Programming Perl

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3.2.155 split

split /PATTERN/

This function scans a string given by EXPR for delimiters, and splits the string into a list of substrings, returning the resulting list value in list context, or the count of substrings in scalar context. The delimiters are determined by repeated pattern matching, using the regular expression given in PATTERN, so the delimiters may be of any size, and need not be the same string on every match. (The delimiters are not ordinarily returned, but see below.) If the PATTERN doesn't match at all, split returns the original string as a single substring. If it matches once, you get two substrings, and so on.

If LIMIT is specified and is not negative, the function splits into no more than that many fields (though it may split into fewer if it runs out of delimiters). If LIMIT is negative, it is treated as if an arbitrarily large LIMIT has been specified. If LIMIT is omitted, trailing null fields are stripped from the result (which potential users of pop would do well to remember). If EXPR is omitted, the function splits the $_ string. If PATTERN is also omitted, the function splits on whitespace, /\s+/, after skipping any leading whitespace.

Strings of any length can be split:

@chars = split //, $word;
@fields = split /:/, $line;
@words = split ' ', $paragraph;
@lines = split /^/m, $buffer;

A pattern capable of matching either the null string or something longer than the null string (for instance, a pattern consisting of any single character modified by a * or ?) will split the value of EXPR into separate characters wherever it is the null string that produces the match; non-null matches will skip over occurrences of the delimiter in the usual fashion. (In other words, a pattern won't match in one spot more than once, even if it matched with a zero width.) For example:

print join ':', split / */, 'hi there';

produces the output "h:i:t:h:e:r:e". The space disappears because it matched as part of the delimiter. As a trivial case, the null pattern // simply splits into separate characters (and spaces do not disappear).

The LIMIT parameter is used to split only part of a string:

($login, $passwd, $remainder) = split /:/, $_, 3;

We encourage you to split to lists of names like this in order to make your code self-documenting. (For purposes of error checking, note that $remainder would be undefined if there were fewer than three fields.) When assigning to a list, if LIMIT is omitted, Perl supplies a LIMIT one larger than the number of variables in the list, to avoid unnecessary work. For the split above, LIMIT would have been 4 by default, and $remainder would have received only the third field, not all the rest of the fields. In time-critical applications it behooves you not to split into more fields than you really need.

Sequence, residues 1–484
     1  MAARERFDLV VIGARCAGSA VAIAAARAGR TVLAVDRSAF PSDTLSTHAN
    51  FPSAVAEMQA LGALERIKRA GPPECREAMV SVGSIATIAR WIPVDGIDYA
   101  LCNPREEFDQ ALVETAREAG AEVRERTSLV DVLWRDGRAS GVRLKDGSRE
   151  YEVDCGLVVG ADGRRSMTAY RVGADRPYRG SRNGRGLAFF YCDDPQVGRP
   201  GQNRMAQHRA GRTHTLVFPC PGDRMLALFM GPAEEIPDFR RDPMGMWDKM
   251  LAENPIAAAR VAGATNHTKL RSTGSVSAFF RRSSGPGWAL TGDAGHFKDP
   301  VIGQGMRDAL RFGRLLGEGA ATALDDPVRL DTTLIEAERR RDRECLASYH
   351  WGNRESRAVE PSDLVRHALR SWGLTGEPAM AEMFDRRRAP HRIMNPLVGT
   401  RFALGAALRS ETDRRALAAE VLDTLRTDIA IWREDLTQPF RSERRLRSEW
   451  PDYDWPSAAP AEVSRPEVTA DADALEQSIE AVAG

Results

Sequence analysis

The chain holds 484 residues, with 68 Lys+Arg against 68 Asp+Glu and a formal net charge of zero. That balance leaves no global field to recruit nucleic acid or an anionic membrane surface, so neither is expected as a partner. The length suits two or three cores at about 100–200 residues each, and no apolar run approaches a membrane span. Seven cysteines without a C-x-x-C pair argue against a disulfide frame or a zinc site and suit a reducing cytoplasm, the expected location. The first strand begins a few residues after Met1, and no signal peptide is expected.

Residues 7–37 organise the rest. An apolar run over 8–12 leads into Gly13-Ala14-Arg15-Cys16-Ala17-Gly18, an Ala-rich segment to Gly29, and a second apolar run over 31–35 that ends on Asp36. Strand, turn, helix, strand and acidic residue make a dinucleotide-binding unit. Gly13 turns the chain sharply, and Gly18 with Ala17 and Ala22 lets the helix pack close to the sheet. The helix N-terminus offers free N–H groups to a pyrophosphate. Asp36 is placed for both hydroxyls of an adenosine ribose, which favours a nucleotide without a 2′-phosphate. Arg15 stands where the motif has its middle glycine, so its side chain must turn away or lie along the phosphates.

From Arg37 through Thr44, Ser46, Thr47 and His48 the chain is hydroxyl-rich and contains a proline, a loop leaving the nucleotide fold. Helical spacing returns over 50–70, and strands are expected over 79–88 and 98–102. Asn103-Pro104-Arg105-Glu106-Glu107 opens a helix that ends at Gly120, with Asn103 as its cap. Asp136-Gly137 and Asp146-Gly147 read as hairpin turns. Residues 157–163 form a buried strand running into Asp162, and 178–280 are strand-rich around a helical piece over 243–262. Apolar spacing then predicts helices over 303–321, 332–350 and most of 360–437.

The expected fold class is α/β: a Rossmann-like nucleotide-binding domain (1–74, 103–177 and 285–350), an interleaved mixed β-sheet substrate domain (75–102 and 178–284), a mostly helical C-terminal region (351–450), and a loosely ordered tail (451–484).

We said earlier that the delimiters are not returned, but if the PATTERN contains parentheses, then the substring matched by each pair of parentheses is included in the resulting list, interspersed with the fields that are ordinarily returned. Here's a simple case:

split /([-,])/, "1-10,20";

produces the list value:

(1, '-', 10, ',', 20)

With more parentheses, a field is returned for each pair, even if some of the pairs don't match, in which case undefined values are returned in those positions. So if you say:

split /(-)|(,)/, "1-10,20";

you get the value:

(1, '-', undef, 10, undef, ',', 20)

The /PATTERN/ argument may be replaced with an expression to specify patterns that vary at run-time. (To do run-time compilation only once, use /$variable/o.) As a special case, specifying a space " " will split on whitespace just as split with no arguments does. Thus, split(" ") can be used to emulate awk's default behavior, whereas split(/ /) will give you as many null initial fields as there are leading spaces. (Other than this special case, if you supply a string instead of a regular expression, it'll be interpreted as a regular expression anyway.)

The following example splits an RFC-822 message header into a hash containing $head{Date}, $head{Subject}, and so on. It uses the trick of assigning a list of pairs to a hash, based on the fact that delimiters alternate with delimited fields. It makes use of parentheses to return part of each delimiter as part of the returned list value. Since the split pattern is guaranteed to return things in pairs by virtue of containing one set of parentheses, the hash assignment is guaranteed to receive a list consisting of key/value pairs, where each key is the name of a header field. (Unfortunately this technique loses information for multiple lines with the same key field, such as Received-By lines. Ah, well. . . .)

$header =~ s/\n\s+/ /g;      # Merge continuation lines.
%head = ('FRONTSTUFF', split /^([-\w]+):/m, $header);

The following example processes the entries in a UNIX passwd file. You could leave out the chop, in which case $shell would have a newline on the end of it.

open PASSWD, '/etc/passwd';
while (<PASSWD>) {
    chop;        # remove trailing newline
    ($login, $passwd, $uid, $gid, $gcos, $home, $shell) =
            split /:/;

The inverse of split is performed by join (except that join can only join with the same delimiter between all fields). To break apart a string with fixed-position fields, use unpack.

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